Mbozi Meteorite

Landmark in Southern Highlands

About 65km southwest of Mbeya is the Mbozi meteorite, one of the largest meteorites in the world. Weighing an estimated 25 metric tonnes, it's around 3m long and 1m tall. Scientists are unsure when it hit the earth, but it is assumed to have been many thousands of years ago, since there are no traces of the crater that it must have made when it fell, nor any local legends regarding its origins.

Although the site was only discovered by outsiders in 1930, it had been known to locals for centuries, but not reported because of various associated taboos. Like most meteorites, the one at Mbozi is composed primarily of iron (90%), with about 8% nickel and traces of phosphorous and other elements. It was declared a protected monument by the government in 1967 and is now under the jurisdiction of the Department of Antiquities. The meteorite’s dark colour is due to its high iron content, while its burnished look comes from the melting and other heating that occurred as the meteorite hurtled through the atmosphere towards earth.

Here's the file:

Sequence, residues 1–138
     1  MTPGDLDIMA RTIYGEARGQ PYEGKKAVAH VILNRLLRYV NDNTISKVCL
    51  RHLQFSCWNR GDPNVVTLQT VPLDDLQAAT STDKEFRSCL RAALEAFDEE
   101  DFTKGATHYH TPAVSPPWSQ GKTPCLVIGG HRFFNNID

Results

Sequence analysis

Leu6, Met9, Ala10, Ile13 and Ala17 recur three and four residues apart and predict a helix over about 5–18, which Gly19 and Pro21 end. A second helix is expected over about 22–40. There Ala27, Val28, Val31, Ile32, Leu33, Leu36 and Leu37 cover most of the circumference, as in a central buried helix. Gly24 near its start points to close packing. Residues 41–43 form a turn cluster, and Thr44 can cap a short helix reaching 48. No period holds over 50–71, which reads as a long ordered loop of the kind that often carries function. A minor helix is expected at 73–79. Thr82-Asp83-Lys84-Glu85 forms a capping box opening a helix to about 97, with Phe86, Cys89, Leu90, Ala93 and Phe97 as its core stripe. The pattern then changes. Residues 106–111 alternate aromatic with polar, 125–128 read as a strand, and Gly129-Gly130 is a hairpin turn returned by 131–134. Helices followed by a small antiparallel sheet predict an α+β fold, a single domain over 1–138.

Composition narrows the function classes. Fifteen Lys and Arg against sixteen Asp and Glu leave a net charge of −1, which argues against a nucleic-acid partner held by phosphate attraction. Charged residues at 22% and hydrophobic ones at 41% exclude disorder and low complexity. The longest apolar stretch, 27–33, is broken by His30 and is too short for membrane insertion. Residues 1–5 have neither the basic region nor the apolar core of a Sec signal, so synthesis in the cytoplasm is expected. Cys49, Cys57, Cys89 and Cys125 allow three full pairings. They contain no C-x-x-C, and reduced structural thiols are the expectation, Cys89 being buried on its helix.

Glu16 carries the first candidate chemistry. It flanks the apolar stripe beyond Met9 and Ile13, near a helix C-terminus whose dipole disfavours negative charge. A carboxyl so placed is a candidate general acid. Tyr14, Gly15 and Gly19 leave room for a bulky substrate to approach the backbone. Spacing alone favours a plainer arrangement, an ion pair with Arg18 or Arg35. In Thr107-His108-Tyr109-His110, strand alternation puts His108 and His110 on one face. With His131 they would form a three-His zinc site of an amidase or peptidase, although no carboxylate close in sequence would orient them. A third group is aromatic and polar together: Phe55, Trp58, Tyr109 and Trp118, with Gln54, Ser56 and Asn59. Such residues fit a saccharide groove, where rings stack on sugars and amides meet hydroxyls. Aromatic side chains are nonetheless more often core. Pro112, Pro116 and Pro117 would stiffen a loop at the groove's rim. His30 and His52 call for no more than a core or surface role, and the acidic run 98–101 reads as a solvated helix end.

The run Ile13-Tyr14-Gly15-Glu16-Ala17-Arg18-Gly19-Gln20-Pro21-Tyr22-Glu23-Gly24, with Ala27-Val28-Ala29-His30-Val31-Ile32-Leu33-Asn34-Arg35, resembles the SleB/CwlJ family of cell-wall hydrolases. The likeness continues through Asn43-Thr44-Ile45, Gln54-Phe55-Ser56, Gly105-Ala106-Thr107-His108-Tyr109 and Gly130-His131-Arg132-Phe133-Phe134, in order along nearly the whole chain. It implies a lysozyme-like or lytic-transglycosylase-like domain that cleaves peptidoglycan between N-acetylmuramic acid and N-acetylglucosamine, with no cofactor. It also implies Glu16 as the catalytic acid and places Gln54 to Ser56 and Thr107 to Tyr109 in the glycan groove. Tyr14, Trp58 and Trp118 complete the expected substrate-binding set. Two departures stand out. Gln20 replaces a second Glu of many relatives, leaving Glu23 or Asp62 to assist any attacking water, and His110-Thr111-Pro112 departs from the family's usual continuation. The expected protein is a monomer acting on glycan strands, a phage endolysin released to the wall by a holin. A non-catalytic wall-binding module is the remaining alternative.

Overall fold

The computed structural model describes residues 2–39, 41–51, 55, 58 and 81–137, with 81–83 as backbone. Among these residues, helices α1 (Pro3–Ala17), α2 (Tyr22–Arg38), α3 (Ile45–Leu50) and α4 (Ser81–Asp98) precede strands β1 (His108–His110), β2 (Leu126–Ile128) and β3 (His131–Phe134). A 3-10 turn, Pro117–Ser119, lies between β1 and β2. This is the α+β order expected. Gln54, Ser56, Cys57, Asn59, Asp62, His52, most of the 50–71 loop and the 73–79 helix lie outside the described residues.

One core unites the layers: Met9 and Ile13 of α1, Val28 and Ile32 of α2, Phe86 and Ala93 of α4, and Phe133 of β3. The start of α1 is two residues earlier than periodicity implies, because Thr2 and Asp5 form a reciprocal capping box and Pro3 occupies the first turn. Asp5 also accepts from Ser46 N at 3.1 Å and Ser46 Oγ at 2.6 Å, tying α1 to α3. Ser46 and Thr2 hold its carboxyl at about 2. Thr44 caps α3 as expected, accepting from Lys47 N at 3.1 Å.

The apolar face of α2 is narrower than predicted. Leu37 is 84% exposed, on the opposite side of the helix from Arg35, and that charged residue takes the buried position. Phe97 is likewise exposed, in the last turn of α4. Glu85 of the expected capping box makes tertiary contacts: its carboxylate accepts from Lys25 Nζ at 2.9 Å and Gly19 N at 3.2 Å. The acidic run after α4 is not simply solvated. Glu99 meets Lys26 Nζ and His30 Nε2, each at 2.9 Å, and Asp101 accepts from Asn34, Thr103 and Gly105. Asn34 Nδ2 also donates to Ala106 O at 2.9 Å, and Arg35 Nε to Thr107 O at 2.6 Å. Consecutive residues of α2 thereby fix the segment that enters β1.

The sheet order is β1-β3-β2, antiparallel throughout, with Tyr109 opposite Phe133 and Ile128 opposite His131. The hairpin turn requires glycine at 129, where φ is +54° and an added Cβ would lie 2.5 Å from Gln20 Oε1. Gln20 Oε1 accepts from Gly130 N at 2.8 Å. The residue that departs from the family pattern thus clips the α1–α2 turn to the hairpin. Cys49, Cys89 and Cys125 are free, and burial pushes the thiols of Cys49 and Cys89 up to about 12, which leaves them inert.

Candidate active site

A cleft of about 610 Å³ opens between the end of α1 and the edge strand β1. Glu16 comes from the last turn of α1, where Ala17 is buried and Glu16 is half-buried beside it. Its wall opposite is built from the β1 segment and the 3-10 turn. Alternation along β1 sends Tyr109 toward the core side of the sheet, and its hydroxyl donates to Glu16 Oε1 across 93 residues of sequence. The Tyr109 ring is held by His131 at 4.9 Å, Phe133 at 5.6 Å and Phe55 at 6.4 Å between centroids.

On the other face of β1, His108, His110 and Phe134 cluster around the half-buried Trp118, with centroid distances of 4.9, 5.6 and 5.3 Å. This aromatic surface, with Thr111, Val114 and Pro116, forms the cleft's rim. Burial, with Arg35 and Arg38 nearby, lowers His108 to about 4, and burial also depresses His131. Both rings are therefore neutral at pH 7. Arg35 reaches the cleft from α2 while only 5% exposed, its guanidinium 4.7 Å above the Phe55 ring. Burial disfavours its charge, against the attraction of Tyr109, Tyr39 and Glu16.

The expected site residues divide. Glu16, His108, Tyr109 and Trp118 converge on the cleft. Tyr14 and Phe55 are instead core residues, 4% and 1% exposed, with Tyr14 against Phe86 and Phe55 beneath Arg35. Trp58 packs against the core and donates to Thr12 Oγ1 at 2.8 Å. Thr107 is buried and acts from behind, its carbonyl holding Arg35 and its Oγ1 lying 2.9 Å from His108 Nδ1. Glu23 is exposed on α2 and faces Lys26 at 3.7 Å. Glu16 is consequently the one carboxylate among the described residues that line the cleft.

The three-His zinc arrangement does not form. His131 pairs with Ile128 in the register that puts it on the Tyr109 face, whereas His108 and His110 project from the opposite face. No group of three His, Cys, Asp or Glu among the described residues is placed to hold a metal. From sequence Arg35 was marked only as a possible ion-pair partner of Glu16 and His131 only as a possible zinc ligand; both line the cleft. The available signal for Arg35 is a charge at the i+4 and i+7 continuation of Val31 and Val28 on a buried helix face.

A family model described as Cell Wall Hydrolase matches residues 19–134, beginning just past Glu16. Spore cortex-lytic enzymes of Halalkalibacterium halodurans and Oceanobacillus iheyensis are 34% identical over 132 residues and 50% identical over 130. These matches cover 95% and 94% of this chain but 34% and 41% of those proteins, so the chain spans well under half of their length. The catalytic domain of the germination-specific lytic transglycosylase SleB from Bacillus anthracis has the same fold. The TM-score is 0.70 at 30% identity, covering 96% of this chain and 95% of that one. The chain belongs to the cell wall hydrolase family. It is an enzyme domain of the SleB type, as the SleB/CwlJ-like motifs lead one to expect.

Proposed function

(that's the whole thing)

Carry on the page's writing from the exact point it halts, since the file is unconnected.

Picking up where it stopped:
To reach the site you’ll need your own vehicle. From Mbeya, follow the main road towards Tunduma. About 50km from Mbeya there’s a signposted turn-off to the left. From here, it’s 13km further down a dirt road (no public transport). During the wet season, you’ll need a 4WD. Otherwise, a 2WD can get through without difficulty, except perhaps for a tiny stream about 2km before the meteorite.


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